EB. How does the ancient Greek mythical setting manifest itself for players as they work their way through the game?
MP. A key element beyond graphics and story was the interactivity inherent in video gaming. For Apotheon, we wanted an immersive experience that combines style and story to create a ‘mythological play space’, where the player takes an active role in the unfolding narrative (Roy 2015). To increase the player immersion, we decided to blend archaic Greek art with period weapons and artefacts of the myth. While in fight, Nikandreos can wield several types of armaments (including doru, xiphos, labrys, and kopis) and shields (such as pelta or hoplon); furthermore, he can imbibe healing and warding potions brewed from dittany of Crete (well known to Harry Potter fans!), olive oil, milk of moly root (used by Odysseus against Circe) and other ingredients. However, my chief objective was to steep Apotheon deeply in the body of ancient Greek literature: accordingly, I prepared 50 passages from works of several Ancient Greek writers (ranging from Homer to Oppian of Apamea), which were inserted into the game as inscribed stelae to immerse players in the game world and provide them with backstories of deities and monsters to be encountered. We know that some players skip the stelae; nonetheless, those who read them often praise their inclusion and note their increased understanding of the game narrative.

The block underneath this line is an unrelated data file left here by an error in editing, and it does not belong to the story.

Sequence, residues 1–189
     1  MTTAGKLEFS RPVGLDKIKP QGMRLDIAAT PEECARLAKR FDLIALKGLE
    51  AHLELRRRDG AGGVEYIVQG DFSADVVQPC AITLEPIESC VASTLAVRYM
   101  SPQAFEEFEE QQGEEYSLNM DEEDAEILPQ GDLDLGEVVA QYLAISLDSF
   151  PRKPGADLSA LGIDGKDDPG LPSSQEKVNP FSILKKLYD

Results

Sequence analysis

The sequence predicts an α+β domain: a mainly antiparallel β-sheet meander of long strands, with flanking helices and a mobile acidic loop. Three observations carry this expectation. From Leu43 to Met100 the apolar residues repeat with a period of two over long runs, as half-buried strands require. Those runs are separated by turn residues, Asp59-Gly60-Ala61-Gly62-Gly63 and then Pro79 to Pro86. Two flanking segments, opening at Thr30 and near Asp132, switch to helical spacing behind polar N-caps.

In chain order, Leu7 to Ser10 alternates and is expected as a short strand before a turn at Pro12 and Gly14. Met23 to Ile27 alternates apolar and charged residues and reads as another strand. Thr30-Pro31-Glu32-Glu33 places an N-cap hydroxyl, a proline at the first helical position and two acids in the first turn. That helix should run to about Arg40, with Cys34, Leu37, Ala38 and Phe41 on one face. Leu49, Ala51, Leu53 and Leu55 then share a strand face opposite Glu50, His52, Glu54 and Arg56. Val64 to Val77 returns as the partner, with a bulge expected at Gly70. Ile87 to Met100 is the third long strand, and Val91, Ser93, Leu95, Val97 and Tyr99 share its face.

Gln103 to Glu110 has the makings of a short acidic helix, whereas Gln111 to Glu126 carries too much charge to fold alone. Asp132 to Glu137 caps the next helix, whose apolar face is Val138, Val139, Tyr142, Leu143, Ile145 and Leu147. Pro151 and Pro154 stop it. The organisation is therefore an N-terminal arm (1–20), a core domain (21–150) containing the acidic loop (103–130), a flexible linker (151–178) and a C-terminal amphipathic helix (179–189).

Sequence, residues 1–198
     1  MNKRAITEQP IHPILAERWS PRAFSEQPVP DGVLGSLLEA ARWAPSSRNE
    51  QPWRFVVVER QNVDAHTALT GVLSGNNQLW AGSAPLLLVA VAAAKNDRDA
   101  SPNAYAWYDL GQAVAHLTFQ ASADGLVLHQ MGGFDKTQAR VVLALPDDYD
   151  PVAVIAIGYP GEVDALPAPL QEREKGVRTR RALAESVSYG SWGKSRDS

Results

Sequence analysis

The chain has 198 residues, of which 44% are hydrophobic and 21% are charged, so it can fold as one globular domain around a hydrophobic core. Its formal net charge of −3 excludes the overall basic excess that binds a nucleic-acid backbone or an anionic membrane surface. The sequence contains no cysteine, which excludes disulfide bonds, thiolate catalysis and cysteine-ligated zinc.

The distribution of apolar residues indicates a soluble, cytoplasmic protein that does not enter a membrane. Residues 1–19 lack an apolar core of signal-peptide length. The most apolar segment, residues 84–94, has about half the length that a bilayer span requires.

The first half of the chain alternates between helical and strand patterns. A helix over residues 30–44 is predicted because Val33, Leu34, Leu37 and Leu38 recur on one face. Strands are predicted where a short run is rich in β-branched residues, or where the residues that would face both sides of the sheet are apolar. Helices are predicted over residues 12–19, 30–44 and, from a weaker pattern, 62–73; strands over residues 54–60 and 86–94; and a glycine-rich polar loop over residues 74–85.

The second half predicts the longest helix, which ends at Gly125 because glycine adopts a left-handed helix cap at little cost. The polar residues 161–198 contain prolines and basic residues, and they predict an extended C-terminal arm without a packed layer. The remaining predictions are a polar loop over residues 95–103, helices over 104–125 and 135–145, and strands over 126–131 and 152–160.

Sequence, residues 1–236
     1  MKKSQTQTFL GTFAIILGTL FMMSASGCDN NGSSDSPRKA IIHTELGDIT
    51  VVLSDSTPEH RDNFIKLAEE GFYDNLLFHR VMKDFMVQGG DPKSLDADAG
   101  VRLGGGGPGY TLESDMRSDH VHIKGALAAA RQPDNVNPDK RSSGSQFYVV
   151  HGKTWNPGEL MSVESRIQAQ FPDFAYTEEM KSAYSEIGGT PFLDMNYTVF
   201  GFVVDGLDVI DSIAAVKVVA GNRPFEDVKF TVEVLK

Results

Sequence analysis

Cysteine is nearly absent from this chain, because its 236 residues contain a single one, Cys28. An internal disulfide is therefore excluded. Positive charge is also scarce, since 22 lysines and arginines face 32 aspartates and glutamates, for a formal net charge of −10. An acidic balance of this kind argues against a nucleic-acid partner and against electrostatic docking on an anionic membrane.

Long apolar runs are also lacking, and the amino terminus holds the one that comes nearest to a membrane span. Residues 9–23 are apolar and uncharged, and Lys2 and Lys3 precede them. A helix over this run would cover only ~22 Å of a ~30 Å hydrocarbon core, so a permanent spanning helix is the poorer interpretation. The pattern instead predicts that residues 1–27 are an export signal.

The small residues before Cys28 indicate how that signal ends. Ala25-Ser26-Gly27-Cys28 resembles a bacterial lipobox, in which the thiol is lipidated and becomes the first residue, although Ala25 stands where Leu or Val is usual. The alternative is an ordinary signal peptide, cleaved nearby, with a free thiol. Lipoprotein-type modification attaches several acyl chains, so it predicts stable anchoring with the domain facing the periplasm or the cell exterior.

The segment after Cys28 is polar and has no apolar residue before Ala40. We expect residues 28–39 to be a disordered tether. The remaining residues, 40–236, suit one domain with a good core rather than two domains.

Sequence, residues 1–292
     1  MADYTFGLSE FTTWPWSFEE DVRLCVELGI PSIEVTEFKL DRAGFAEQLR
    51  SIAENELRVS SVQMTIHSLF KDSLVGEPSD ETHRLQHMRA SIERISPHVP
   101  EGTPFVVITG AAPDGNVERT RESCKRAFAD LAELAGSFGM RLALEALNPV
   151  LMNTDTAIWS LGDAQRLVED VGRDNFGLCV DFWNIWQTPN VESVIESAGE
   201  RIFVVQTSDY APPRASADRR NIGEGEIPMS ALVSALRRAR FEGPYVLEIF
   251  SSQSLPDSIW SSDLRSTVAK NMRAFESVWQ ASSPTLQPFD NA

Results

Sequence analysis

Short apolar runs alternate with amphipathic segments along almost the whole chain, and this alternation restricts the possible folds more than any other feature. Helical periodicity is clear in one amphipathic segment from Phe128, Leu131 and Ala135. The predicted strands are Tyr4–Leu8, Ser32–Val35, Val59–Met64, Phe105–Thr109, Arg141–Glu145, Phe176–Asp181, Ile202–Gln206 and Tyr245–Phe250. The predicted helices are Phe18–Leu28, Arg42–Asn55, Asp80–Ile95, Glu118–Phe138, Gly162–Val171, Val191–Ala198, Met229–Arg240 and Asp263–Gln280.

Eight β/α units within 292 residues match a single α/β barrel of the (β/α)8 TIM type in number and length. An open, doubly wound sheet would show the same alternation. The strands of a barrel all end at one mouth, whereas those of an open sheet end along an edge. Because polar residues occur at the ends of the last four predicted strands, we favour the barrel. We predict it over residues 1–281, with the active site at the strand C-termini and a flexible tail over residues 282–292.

EB. Why was the name Nikandreos chosen for the central character?
MP. Jesse McGibney, the lead artist for the Alientrap Games, chose a name that would reflect the hero’s ultimate destiny: the victory of the man and the twilight of the gods. In standard Ancient Greek, Nikandros denotes ‘victory of a man’, from the Greek elements νίκη (nikē) ‘victory’ and ἀνήρ (anēr) ‘man’ (genitive ἀνδρός, andros). I never asked him why he included the extra ‘e’; I like to think that it made the character unique, in line with his destiny.
EB. Can you tell us a little more about how your own academic research influenced the way you approached writing Apotheon? Did working on this game cause you to rethink some of your own ideas about the Greek gods?